Older Australians slugged by now-not-so-hidden super fund fees

Super fund fees rose by 10 per cent last year, reveals finance research group.

Super fund fees rose by 10 per cent last year, reveals finance research group

With many older Australians worried about the possibility of private health premiums increasing by up to 12 per cent next year, the fact that super fund fees rose by 10 per cent on average last year seems to have gone under the radar.

Australians are paying up to $32 billion a year in super fund fees, new research from Rainmaker Information has found, with the 10 per cent increase in fees outpacing inflation by almost four-fold.

The 2018 Rainmaker Fee Study analysed more than 2500 fee options offered through 550 superannuation products representing 20 million member accounts.

It found that the average superannuation fund member is paying 1.23 per cent of their account balance in fees, up from 1.16 per cent in 2017. According to Rainmaker data, the average MySuper Total Expense Ratio (TER) is now 1.2 per cent, meaning for every $100,000 in superannuation, members are paying up to $1200 in fees – equivalent to two thirds the average household electricity bill in Australia.

Around two-thirds of those fees fund investment management, with the remaining going towards administration.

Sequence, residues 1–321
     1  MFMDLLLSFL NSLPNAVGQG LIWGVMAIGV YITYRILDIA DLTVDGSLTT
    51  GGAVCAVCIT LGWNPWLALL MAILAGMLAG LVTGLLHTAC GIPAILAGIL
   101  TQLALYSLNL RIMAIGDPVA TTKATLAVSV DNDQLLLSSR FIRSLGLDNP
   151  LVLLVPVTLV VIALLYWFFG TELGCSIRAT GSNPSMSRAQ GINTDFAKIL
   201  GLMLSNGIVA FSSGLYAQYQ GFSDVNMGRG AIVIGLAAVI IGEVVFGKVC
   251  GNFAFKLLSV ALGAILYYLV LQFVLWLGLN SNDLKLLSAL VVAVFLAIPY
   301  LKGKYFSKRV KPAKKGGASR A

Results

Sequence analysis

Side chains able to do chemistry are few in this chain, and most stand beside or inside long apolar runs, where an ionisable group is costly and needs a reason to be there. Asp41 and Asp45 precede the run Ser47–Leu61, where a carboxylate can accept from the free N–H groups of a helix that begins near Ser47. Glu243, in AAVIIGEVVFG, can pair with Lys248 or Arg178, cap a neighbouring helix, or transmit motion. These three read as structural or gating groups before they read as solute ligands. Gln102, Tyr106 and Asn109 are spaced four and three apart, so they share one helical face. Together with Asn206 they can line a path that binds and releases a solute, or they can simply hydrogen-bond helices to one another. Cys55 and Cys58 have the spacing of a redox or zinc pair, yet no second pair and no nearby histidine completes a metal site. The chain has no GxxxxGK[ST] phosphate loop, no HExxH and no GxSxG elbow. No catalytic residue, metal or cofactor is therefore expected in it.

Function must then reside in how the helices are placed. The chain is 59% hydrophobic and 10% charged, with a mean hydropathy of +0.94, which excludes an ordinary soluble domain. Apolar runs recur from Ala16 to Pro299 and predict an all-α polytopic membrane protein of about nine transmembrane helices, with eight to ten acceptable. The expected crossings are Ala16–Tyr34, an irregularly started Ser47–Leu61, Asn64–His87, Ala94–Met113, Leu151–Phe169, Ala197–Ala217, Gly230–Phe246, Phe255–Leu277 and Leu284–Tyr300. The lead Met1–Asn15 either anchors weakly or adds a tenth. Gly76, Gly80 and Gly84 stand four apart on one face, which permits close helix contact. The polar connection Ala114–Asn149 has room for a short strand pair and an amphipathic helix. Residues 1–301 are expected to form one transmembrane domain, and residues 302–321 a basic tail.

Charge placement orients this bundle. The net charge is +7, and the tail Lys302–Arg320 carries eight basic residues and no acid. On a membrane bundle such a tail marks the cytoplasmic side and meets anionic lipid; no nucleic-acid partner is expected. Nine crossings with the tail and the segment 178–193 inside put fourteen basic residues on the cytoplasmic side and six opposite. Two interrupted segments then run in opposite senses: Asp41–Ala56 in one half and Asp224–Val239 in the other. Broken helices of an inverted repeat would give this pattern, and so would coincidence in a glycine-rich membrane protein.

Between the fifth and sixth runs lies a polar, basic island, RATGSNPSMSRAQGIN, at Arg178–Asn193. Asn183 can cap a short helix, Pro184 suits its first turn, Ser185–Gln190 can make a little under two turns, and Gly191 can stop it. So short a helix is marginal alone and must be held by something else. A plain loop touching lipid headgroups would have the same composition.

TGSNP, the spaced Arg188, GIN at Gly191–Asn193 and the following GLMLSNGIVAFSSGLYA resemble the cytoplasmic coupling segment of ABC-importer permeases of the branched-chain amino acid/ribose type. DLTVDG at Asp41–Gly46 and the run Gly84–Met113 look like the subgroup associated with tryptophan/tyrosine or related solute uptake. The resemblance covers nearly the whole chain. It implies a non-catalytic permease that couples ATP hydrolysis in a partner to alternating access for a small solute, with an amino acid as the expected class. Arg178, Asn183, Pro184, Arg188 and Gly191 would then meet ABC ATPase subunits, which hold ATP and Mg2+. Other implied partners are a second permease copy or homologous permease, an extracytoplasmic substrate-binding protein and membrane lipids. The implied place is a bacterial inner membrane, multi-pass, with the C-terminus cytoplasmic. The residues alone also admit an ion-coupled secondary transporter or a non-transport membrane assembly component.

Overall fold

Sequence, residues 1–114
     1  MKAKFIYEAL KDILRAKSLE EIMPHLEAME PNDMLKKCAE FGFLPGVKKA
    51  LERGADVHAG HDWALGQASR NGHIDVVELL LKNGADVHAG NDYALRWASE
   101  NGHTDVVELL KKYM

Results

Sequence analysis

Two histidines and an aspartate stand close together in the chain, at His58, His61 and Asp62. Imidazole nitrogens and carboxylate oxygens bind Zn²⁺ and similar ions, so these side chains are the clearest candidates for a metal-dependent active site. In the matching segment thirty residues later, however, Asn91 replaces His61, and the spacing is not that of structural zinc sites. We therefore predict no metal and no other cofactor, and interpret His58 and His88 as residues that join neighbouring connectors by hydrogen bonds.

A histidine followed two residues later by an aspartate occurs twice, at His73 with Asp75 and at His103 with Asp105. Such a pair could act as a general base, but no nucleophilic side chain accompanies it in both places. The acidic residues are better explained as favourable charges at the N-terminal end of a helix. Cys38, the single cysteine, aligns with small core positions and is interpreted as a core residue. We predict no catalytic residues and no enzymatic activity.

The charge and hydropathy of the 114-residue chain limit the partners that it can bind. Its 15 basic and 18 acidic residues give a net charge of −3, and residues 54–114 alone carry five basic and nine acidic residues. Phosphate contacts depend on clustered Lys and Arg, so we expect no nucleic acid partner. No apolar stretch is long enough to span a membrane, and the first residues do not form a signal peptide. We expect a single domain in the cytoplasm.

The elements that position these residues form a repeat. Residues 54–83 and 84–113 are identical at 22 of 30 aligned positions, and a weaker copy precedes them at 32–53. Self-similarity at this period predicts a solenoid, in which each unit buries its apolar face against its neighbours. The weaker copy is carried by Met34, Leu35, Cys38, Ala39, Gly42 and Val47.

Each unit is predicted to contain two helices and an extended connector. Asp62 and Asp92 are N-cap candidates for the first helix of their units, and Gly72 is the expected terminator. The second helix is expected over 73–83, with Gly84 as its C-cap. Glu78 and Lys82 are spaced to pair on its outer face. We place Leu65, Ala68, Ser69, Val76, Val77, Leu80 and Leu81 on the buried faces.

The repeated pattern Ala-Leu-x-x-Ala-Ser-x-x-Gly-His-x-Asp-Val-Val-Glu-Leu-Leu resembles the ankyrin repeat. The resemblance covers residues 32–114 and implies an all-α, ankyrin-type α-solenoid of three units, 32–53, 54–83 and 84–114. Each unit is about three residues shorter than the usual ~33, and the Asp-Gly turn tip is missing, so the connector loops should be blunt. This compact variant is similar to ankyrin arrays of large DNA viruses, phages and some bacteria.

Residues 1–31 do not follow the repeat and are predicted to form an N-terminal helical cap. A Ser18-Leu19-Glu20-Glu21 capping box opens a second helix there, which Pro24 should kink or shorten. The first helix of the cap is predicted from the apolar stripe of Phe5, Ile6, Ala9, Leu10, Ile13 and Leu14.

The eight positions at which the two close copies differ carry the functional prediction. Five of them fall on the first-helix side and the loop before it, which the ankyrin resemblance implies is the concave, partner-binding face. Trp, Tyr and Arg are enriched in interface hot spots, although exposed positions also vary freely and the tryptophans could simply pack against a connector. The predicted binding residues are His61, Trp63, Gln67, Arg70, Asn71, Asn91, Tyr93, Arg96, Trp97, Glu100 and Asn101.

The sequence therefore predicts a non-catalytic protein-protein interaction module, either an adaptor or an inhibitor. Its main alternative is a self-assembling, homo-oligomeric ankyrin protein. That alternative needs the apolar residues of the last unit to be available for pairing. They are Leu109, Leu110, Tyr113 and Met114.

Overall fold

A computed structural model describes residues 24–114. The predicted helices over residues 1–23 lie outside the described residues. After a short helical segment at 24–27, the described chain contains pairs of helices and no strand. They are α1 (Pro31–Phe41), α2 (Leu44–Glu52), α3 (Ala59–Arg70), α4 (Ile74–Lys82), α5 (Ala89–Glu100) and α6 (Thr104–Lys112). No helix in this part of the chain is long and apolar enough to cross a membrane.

The research underlines the importance of understanding how fees work and, armed with this knowledge, fund members can shop around for better deals.

“These changes have dramatically changed the comparative sticker price fees across the market with retail funds offering many of the lowest price MySuper products available,” said Alex Dunnin, Rainmaker’s research and compliance executive director.

Mr Dunnin explained that advertised headline fees might be lower for some products, but by looking at administration and investment components separately, customers can get a better idea of where their money is going.

“Products offered by not-for-profit funds still have administration and member fees that are on average 50 per cent cheaper than retail funds, but the fees for investment offsets this advantage,” said Dunnin.

“However, investment fees vary according to what investment option the member takes up. Many funds offer low-cost index options as well as higher cost more active diversified options. Ultimately, fees – particularly investment fees – should be seen in light of net investment returns and risk.

“Despite what some super fund members may think, superannuation is now a highly competitive marketplace. If members do even a little shopping around they might be surprised how much money they can save doing something as simple as swapping their super funds.”

Do you know how much in super fees you pay each year? Have you ever looked into switching your super fund? Did you notice that your fees increased by 10 per cent last year?

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    COMMENTS

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    floss
    18th Oct 2018
    11:00am
    What fool would put their money into a retail fund a industry fund is the only way to go.Just a little burley for the greed is good gang.
    Old Geezer
    18th Oct 2018
    11:09am
    The returns on industry tell me that there are lots of fees with them as well. Cheapest one I could find for my super was over $20,000 a year. I pay less than a 10th of that on my SMSF.
    TREBOR
    18th Oct 2018
    1:53pm
    Fees are excessive for the service all round.. generally retail funds are worse.
    Old Geezer
    18th Oct 2018
    11:07am
    That's 1.2% plus as there are also lots of hidden fees with super that a fund has to make before you get a return on your money.
    Old Geezer